Developers can now offer the option to upgrade existing app accounts to Sign in with Apple so users can enjoy improved Privacy, security, and ease of use without setting up a new account.

4.) Limited Photos Library Access for Selected App

With iOS 14, you do not need to share your entire photo library with apps with whom you want to share a few photos.
You can now choose to share only selected items with an app that asks access to your photos, or granting access is essential to use a related functionality.

5.) Safari Browser Added Password Monitoring and Privacy Report

Apple added two new security features to its Safari web browser for iOS and macOS, one of which aims to help users learn if they are using a compromised password for any online account.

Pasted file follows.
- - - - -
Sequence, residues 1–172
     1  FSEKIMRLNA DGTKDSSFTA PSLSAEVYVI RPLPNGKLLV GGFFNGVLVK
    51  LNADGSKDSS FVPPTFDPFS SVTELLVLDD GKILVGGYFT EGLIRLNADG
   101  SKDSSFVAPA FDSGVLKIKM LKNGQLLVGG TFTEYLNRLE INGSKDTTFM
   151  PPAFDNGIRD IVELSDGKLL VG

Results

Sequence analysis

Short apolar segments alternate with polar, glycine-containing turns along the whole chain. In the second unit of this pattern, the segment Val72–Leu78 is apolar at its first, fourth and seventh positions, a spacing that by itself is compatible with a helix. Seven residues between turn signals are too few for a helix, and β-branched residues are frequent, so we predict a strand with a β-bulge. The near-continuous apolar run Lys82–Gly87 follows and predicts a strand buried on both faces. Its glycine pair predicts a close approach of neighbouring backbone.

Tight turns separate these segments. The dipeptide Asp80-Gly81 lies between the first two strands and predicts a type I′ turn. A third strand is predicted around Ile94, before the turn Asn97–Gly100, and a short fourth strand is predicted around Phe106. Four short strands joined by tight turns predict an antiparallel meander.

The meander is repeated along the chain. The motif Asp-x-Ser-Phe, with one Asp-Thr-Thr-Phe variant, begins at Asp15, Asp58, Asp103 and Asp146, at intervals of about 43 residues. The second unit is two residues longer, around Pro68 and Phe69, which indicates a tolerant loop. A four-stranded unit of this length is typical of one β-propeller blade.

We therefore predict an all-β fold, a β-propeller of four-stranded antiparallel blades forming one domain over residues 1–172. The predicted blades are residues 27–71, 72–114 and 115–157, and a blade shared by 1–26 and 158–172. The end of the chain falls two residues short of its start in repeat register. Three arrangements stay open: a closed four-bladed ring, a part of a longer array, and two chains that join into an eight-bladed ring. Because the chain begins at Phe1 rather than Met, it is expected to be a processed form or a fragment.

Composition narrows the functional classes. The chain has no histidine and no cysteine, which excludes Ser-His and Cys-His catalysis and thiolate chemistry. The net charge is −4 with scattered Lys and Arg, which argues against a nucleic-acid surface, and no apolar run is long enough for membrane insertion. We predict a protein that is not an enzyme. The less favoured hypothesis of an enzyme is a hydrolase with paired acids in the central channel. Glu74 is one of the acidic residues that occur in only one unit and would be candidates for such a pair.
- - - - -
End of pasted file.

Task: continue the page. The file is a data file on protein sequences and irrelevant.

“Safari automatically keeps an eye out for any saved passwords that may have been involved in a data breach. Using advanced cryptographic techniques, Safari periodically checks a derivation of your passwords against an updated list of compromised credentials. If a breach is discovered, Safari helps you upgrade your existing passwords. All this is done without revealing your password information to anyone — including Apple,” the company said.
Whereas the second feature in Safari uses Intelligent Tracking Prevention to identify and prevent trackers from profiling or following you across the web.

Besides this, the system also generates a weekly Privacy Report, showing users how Safari protects their browsing across all the websites they visit.

6.) Cross-App Tracking: Control and Transparency

To make tracking transparent and under the user’s control, Apple now requires app developers to get users’ consent before tracking them across third-party applications and websites.